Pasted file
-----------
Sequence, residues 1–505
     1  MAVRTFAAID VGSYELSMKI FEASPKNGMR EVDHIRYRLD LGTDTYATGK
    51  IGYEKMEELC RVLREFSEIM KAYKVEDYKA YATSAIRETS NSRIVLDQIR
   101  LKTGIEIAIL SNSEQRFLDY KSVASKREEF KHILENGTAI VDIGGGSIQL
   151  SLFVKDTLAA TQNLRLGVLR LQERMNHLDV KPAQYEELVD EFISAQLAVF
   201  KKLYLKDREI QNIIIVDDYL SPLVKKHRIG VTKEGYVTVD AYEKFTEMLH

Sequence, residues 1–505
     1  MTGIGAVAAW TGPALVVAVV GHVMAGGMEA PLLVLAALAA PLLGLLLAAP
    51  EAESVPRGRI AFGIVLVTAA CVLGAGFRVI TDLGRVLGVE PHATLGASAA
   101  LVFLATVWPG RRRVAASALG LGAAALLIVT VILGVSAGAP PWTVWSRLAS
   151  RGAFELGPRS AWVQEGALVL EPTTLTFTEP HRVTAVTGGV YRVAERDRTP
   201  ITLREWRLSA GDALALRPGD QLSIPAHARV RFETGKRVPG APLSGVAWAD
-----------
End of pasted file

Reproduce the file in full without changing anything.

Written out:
Sequence, residues 1–505
     1  MAVRTFAAID VGSYELSMKI FEASPKNGMR EVDHIRYRLD LGTDTYATGK
    51  IGYEKMEELC RVLREFSEIM KAYKVEDYKA YATSAIRETS NSRIVLDQIR
   101  LKTGIEIAIL SNSEQRFLDY KSVASKREEF KHILENGTAI VDIGGGSIQL
   151  SLFVKDTLAA TQNLRLGVLR LQERMNHLDV KPAQYEELVD EFISAQLAVF
   201  KKLYLKDREI QNIIIVDDYL SPLVKKHRIG VTKEGYVTVD AYEKFTEMLH

Sequence, residues 1–505
     1  MTGIGAVAAW TGPALVVAVV GHVMAGGMEA PLLVLAALAA PLLGLLLAAP
    51  EAESVPRGRI AFGIVLVTAA CVLGAGFRVI TDLGRVLGVE PHATLGASAA
   101  LVFLATVWPG RRRVAASALG LGAAALLIVT VILGVSAGAP PWTVWSRLAS
   151  RGAFELGPRS AWVQEGALVL EPTTLTFTEP HRVTAVTGGV YRVAERDRTP
   201  ITLREWRLSA GDALALRPGD QLSIPAHARV RFETGKRVPG APLSGVAWAD